Max Transmit Power 22 dBm 16 dBm
Antenna Gain 4 dBi 3.11 dBi
Design Minimum Transmit Power 13 dBm 13 dBm
Design Maximum Transmit Power 16 dBm 16 dBm

In keeping with Aperture’s current WLAN hardware, the WLAN is modeled using only the Cisco 1702I model AP, which has an internal omni-directional antenna.

The design assumes that the APs are mounted at a ceiling height of 8 feet, with standard alignment. For the 1702I, the standard alignment is horizontally mounted, with the Cisco logo facing the floor.

APs are all modeled using a reduced power output in both the 5GHz, and the 2.4GHz band, where enabled, of 20 mW (or 13 dBm), which, when the antenna gain is taken into account, amounts to a total EIRP (Effective Isotropic Radiated Power) of 17 dBm. The 7925G-EX handset is capable of a maximum power output of 40 mW, which is 16 dBm. This means that the maximum output power of the handset is higher than the modeled power of the AP. Note that the handset will likely operate at a lower average power level (i.e. 13 dBm) when possible to conserve battery power.

A higher power on the AP compared to the client device can cause issues where the client may “hear” the AP at a strong signal level (e.g. “Full Bars”), but the AP may not be able to hear the client at an adequate level. However, antenna gain (in contrast to output power) improves the ability to both hear and to be heard. Therefore, an increase in antenna gain is preferred over and increase of output power when there is any imbalance between EIRP of the client devices and the APs.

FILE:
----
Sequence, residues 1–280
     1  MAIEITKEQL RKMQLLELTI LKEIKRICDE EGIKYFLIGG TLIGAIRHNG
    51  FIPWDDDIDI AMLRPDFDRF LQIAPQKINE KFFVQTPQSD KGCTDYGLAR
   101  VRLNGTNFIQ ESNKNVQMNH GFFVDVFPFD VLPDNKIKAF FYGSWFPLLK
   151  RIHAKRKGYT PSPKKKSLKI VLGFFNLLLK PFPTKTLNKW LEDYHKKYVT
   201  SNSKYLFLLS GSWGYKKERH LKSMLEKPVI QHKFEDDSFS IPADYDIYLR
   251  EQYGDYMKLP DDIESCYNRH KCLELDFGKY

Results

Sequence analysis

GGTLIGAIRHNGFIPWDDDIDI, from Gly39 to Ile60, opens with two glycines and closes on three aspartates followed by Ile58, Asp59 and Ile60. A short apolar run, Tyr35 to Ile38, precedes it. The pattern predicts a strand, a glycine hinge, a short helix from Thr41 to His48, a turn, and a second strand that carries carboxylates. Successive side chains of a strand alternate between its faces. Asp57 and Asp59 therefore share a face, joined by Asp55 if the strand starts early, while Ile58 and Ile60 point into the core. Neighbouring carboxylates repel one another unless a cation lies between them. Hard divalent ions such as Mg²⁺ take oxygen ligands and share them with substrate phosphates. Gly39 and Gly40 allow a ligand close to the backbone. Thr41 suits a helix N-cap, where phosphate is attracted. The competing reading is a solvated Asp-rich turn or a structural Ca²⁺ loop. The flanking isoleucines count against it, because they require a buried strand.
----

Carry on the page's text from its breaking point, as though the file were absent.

With this design, an example can be made showing the signal levels from the perspective of the AP and the handset; in this case, at 50 meters apart. Power gains and losses are simple additions/subtractions:

Link Budget – Cisco 1702I AP at 13 dBm and Cisco 7925G Client at max power

Downlink Uplink
AP sending to Client Client Sending to AP
Transmit Power 13 dBm 16 dBm
Transmit Antenna Gain 4 dBi 3.1 dBi
Effective Power (EIRP) 17 dBm 19.1 dBm
Free Space Loss -80 dBm -80 dBm
Receive Antenna Gain 3.1 dBi 4 dBi
Received Signal Level Client hears -59.9 dBm AP hears -56.9 dBm

Here the client hears the AP at -59.9 dBm, and the AP hears the client at -56.9 dBm. This means the AP is hearing the client better than the opposite. This also means that the AP could increase its own power slightly (matching the client) if necessary.

At one power level higher, the client hears the AP at the same level as the AP hears the client – a good, equal link: